While the traditional statistical forecasting models have structures which are expressions of an illustration of trend extension in order to verify the inherent systematic features, the dynamic modeling has a promising approach for handling forecasting issues under uncertainty. The dynamic models were developed simply to resolve the data scarcity issue [4]. System dynamics model is particularly designed for handling situations in which only limited data are available for forecasting practice. As a modeling method, system dynamics is mainly suited to the simulation of complex systems such as wastes/ leachate generation and management [5]. With the insufficient database to support the traditional statistical forecasting and the rest static models analyses, the system dynamics model could integrate those separate dynamic efforts by accounting for the interrelationships among relevant features for municipal solid waste problems. System dynamics model is therefore a tool which has been employed severally in areas which include global environmental sustainability [6-8]; waste management [9,10] and environmental management [11,12].

The control of leachate can be accomplished in two major ways. One is by preventing the precipitation from entering the refuse by an appropriate cover. The other one, a more realistic approach is the containment/barrier and collection system [13]. Since it may be practically impossible to shield landfill dumps totally from precipitation, the leachate containment concept is generally embraced. This concept is premised on liner systems. Liners for leachate management constitute a barrier system intended to limit contaminant migration into the surrounding environment to levels that will result in negligible impact [14]. The liners effectively create a bathtub in the ground and may range from a thick natural clay deposit, to engineered liner systems involving one or more Geomembranes (GM) and/or Compacted Clay Liner (CCL) or Geosynthetic Clay Liner (GCL). The primary objective of the liner barrier system design however, is to minimize the escape of contaminants to groundwater and in particular, to any underlying aquifer. Bottom liners of landfills may contain one or more layers of clay or a synthetic flexible membrane (or a combination of these).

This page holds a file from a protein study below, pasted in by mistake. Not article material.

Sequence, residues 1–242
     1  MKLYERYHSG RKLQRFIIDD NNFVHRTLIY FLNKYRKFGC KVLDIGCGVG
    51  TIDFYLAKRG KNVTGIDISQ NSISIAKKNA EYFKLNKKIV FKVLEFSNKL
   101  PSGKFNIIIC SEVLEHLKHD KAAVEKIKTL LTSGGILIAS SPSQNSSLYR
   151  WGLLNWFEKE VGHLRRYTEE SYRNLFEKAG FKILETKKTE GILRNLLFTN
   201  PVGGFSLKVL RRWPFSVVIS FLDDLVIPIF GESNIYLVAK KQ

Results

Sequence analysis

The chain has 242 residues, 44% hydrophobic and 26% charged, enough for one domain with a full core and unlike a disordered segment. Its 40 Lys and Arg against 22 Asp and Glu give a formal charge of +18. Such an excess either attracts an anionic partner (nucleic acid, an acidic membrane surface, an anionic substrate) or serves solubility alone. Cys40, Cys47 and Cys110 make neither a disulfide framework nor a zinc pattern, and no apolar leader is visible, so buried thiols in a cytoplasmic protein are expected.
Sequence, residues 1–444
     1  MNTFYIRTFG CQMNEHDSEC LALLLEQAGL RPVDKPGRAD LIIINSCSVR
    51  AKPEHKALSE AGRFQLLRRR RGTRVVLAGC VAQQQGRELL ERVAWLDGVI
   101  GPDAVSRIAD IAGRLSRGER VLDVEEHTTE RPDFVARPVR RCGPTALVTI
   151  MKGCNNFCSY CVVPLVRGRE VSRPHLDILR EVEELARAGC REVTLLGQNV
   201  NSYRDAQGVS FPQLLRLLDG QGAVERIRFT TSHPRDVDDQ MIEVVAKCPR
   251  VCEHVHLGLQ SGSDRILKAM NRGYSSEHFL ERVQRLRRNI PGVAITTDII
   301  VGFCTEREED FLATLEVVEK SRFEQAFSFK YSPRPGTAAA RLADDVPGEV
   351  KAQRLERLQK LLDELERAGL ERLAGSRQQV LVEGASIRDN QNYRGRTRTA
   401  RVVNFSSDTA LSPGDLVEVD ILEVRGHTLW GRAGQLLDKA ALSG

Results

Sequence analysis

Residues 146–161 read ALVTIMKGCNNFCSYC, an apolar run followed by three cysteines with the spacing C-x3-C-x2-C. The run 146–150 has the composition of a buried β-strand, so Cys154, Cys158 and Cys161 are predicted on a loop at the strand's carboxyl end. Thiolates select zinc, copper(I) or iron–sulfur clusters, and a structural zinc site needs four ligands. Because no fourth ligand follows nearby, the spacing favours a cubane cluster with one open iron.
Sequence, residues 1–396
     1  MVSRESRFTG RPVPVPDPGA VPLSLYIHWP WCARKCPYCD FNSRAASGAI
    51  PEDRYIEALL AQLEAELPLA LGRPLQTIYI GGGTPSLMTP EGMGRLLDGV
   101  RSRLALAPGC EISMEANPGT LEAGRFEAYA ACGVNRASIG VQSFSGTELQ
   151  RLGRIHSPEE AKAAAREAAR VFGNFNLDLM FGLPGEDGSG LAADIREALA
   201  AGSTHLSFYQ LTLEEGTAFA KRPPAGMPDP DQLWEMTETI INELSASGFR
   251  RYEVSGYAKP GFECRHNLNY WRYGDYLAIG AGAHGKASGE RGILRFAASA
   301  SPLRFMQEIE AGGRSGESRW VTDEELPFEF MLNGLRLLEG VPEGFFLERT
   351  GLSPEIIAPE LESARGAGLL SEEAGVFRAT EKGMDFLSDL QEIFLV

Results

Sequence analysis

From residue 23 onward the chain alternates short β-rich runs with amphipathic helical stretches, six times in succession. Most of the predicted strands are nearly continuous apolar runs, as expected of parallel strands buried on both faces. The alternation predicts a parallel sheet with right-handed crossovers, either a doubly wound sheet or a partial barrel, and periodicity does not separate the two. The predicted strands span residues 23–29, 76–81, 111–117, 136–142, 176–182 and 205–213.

This central aim of this study is to control leachate pollution emanating from dumpsites in the Ogbomosoland with a view to mitigating its negative effects. There are five Local Government Areas (LGAs) in the study area. These are: Ogbomoso North and South representing the urban LGAs and Oriire, Ogo-Oluwa and Suurulere LGAs which have rural settings.

2. Methodology

The main Governing Equations employed are the following:

1) For leachate Production [14]


2) For leachate Management [15]


where LQnT = Accumulative amount of leachate generated from the system;

nΔt = No of waste cells at the given time;

W4 = Overall mass of water entering or leaving the dumpsite;

Wg = Total water loss due to degradation;

LQn = Overall leachate quantity generated from a single cell;

n & i = Counters;

t = Breakthrough time of the liner;

d = Thickness of the liner;

α' = Effective porosity;

K = Coefficient of permeability and;

h = Hydraulic head.

2.1. Leachate Production Sector

The primary sources of leachate inputs [16,17] and [18] are:

1) Moisture content of the waste;

2) Precipitation (rainfall);

3) Water components of the waste.

The primary outputs emanating from the process [15] are:

1) Evaporation;

2) Gas production;

3) Biodegradation leading to leachate.

The Primary Leachate (PL) concept:

If the moisture content of the waste is γ, γ varies between 40% - 44% [15].



Then, the initial dry weight (DW) of the MSW is


Decomposition gas production concept: